Bitcoin is easily the most widely-known cryptocurrency. Consequently, it has seen far more institutional, retail and consumer adoption than most of its counterparts. BTC is accepted at several stores, including Shopify, Starbucks and AT&T. Additionally, many traditional finance companies have created Bitcoin ETFs, allowing Wall Street investors to gain exposure to the crypto sector.
If crypto is to see widespread adoption in the coming decade, Bitcoin will likely be leading the charge.
How is Bitcoin taxed?
According to the Australian Taxation Office, Bitcoin is considered “property”, rather than a foreign currency. Due to this, BTC investors are potentially liable to pay Capital Gains Tax (CGT). CGT is incurred anytime a disposal event occurs. This includes (but isn’t limited to):
- Selling BTC
- Swapping BTC to another cryptocurrency
- Using BTC to buy goods or services
- Gifting BTC
If, at the time of disposal, the value of BTC is higher than when it was purchased, that investor must pay CGT. The difference between these two prices is typically taxed at that individual’s nominal tax rate, although investors holding BTC for longer than 12 months may receive a discount.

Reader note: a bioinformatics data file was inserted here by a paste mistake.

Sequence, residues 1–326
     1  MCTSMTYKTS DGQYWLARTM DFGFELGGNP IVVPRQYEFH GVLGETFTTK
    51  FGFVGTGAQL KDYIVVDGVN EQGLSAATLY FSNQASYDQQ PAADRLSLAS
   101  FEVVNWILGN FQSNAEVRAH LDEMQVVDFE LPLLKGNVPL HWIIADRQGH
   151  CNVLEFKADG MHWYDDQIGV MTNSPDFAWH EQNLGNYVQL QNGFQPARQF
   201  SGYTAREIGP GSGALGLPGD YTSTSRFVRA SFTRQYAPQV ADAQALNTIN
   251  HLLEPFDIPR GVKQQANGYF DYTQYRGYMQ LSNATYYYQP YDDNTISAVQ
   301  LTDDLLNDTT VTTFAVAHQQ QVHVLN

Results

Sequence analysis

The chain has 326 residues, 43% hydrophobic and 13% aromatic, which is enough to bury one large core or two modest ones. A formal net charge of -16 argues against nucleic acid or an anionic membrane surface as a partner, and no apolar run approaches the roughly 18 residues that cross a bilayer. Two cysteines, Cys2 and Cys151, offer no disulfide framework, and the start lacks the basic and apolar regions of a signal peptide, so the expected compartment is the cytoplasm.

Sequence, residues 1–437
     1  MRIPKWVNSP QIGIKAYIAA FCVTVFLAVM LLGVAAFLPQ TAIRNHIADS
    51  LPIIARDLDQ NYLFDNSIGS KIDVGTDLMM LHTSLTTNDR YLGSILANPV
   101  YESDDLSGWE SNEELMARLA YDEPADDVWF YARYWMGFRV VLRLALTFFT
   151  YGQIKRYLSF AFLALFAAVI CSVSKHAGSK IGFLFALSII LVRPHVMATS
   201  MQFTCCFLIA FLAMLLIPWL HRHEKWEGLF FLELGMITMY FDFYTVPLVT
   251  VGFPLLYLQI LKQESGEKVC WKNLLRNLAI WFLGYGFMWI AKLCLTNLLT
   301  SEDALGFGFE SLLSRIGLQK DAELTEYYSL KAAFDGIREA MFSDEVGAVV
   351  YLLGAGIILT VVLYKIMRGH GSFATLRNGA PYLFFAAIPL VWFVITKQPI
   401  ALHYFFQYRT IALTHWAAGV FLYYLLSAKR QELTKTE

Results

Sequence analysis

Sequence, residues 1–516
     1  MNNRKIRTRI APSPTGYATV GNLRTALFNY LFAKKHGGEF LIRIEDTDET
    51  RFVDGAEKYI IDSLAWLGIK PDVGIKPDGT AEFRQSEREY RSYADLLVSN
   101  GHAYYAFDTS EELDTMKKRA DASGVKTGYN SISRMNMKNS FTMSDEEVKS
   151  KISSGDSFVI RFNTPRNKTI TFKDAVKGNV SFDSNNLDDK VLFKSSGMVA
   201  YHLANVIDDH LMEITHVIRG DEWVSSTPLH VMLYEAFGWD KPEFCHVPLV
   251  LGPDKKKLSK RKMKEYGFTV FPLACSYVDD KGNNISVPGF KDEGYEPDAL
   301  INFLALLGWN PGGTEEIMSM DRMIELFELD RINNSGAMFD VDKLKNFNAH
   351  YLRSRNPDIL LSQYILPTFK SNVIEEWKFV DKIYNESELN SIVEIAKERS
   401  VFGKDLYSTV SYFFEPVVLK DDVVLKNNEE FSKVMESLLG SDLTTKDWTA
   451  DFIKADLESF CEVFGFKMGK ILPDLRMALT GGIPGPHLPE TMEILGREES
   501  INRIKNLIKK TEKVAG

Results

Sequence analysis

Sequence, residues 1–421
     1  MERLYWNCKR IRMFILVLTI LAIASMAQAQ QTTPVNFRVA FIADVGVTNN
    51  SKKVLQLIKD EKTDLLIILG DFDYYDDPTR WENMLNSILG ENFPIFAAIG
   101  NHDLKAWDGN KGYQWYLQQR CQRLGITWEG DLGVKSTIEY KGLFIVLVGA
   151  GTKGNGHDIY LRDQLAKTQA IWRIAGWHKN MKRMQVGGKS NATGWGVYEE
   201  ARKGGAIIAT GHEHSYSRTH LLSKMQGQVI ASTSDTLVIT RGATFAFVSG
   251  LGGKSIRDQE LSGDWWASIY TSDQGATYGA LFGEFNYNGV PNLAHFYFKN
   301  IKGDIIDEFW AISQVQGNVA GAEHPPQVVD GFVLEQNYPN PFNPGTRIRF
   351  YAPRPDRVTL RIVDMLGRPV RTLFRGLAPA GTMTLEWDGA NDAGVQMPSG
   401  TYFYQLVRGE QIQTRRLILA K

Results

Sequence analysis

It’s worth noting that if the investor incurs a loss, this figure can be subtracted from other capital gains to reduce their tax load.
Frequently asked questions
Buying Bitcoin via a trusted centralised exchange is the easiest way for new investors to add BTC to their portfolios. More experienced traders may consider buying Bitcoin using other cryptocurrencies.
Yes, buying Bitcoin is legal in Australia. However, Bitcoin is not considered legal tender in Australia and cannot be used to pay off government debts (like taxes).
Yes, there are several platforms that support buying BTC with PayPal. eToro and P2P networks like Binance P2P are two options. International investors can buy BTC directly on the PayPal platform, however, this service is yet to reach Australian shores.
Bitcoin’s supply is capped at 21 million, meaning that its price is heavily influenced by supply and demand metrics. If there are more buyers than there are sellers on global markets, BTC’s price will rise and vice versa.
Yes, buying Bitcoin is safe, particularly when purchased via a trustworthy exchange and stored in a secure wallet. Cryptocurrencies are notorious for their volatility, but relative to the rest of the industry, BTC is actually one of the most stable assets available. That said, no investment is completely safe and investors should always practice risk mitigation.